When a Beastie Boy Starred in the Best Youth Culture Film of the Late 80s [Rewind]
Posted 2019/04/07 0
When I heard that Adam Horovitz (aka Ad-Rock from the Beastie Boys) was going to be starring in a movie, even though I wasn’t the biggest Beasties fan, this was a film I had to see. So my brother and I went to the one movie theater in Orange County, Ca where Lost Angels was playing. The theater was filled with seats (only three of them had humans in them) and the movie proceeded to play on the screen. (Later, another friend would tell me he went to the same theater and there were six people in the audience). To be honest, aside from Horovitz channeling an even more aloof James Dean in Rebel Without a Cause, Lost Angels wasn’t some monumental viewing experience for me. However, it’s themes of alienated youth, cultural appropriation, and the lengths a young person would go just to belong were poignant, hard hitting and, frankly, unforgettable.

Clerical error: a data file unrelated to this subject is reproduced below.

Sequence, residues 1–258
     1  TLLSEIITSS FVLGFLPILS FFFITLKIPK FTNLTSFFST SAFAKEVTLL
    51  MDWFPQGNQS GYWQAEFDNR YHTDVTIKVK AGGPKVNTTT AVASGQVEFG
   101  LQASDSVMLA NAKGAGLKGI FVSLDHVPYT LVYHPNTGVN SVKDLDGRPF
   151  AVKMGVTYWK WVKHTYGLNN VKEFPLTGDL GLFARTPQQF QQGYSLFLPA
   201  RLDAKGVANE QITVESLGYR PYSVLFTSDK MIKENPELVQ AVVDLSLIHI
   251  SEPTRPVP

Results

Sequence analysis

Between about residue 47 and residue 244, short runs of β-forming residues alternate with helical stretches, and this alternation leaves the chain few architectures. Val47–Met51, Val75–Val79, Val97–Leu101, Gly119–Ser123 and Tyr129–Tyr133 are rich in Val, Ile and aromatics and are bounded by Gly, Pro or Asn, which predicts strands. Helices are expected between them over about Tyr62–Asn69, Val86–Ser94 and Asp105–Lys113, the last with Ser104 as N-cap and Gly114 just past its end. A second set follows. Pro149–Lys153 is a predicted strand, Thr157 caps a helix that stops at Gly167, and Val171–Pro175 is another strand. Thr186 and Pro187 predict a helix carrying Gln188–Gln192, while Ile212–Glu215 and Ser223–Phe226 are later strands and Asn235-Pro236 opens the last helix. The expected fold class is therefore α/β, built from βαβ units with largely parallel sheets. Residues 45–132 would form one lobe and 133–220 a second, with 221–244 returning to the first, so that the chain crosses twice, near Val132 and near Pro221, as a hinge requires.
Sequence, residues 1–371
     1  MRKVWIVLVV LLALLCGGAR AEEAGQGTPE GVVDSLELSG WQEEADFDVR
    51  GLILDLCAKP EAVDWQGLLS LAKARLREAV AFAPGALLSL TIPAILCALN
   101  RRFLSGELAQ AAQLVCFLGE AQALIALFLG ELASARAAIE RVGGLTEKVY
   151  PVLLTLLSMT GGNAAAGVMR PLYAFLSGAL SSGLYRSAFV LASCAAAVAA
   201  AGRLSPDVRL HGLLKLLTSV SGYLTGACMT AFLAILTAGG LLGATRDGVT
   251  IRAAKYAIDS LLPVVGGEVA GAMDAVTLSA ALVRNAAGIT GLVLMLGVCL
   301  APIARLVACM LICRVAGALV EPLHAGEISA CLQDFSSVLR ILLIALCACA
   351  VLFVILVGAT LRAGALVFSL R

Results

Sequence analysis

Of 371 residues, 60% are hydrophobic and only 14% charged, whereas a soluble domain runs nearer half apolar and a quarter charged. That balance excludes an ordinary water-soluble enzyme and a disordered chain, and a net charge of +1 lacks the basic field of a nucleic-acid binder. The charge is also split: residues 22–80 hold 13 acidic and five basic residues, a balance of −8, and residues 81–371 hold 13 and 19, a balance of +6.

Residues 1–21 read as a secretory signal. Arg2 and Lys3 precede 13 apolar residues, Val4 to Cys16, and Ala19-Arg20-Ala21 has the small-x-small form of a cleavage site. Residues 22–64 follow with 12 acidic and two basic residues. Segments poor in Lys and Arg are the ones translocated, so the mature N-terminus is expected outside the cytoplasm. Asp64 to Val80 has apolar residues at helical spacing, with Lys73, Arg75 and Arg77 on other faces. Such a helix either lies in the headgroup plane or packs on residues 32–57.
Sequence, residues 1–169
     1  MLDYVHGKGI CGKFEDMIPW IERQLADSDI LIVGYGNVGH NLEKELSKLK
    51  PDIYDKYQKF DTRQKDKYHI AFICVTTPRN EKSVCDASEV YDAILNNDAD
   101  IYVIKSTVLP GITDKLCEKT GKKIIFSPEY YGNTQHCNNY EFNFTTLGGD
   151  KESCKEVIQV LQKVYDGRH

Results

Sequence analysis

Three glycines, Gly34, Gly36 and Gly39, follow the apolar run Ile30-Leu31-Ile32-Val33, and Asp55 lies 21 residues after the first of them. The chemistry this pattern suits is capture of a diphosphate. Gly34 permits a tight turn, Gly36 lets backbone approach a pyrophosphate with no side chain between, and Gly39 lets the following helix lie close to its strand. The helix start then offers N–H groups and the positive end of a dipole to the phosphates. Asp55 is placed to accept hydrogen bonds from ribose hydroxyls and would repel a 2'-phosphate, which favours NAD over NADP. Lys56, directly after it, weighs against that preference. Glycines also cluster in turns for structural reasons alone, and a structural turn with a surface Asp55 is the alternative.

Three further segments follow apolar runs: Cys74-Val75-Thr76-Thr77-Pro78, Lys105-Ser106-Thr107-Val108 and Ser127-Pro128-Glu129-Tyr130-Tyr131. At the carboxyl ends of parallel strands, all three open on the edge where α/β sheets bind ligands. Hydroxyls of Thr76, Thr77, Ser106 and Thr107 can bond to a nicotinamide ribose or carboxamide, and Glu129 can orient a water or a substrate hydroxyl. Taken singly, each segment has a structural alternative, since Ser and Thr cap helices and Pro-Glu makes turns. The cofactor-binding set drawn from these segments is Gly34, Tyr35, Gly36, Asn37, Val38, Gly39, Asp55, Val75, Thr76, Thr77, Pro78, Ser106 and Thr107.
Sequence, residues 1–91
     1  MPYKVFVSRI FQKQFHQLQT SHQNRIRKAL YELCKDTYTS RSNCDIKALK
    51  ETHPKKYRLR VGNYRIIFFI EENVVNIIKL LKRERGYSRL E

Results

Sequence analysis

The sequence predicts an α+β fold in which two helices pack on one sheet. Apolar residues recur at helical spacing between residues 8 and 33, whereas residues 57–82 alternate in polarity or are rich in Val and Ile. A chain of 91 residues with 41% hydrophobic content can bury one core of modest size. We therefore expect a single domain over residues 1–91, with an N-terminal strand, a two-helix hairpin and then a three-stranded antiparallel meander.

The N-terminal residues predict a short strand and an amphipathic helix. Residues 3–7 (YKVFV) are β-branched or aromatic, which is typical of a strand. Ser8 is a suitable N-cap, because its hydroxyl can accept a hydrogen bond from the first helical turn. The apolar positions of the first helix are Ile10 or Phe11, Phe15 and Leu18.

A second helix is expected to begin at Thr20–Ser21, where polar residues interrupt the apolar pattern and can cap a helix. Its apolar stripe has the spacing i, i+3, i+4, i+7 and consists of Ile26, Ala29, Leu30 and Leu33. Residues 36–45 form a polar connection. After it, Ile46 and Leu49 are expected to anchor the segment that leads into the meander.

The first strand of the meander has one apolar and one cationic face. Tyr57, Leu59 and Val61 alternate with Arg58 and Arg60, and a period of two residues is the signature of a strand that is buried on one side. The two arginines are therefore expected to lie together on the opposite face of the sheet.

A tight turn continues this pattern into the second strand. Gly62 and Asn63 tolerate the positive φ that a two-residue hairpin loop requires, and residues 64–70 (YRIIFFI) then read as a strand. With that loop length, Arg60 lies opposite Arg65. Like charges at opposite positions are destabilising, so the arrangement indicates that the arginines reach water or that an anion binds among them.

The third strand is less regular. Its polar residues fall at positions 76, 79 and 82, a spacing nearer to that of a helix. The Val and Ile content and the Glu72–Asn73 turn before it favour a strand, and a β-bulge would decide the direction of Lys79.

Lost Angels was a low budget endeavor even by 1988 standards. Made for a pittance ($1.2 million dollars) it is unclear what this movie made at the box office. Whatever it made, it doesn’t seem like it was very much. Also, this movie came out before the Beastie Boys would release “Pauls Boutique.” That album was a game changer for them in that it really helped The Beastie Boys shed the “Fight for Your Right”/jock philosophy that had been hovering over the band. Lost Angels tells the sad story of Tim Doolan (Horovitz). Idolizing a brother Andy (Don Bloomfield) who doesn’t care about him, longing for a family who sees him a nuisance, Tim inadvertently gets in a lot of trouble. He is shipped off to a rehab facility and (in a true indictment of how broken the insurance system is because many of the knocks against it from over 30 years ago still apply) actually finds a doctor and some patients he can connect with. Longing for the outside world and for a girl (Amy Locane) he thinks cares about him, Tim leaves the facility and sees just how fake his façade of brotherly bonds, familial bonds, and relationship bonds truly are.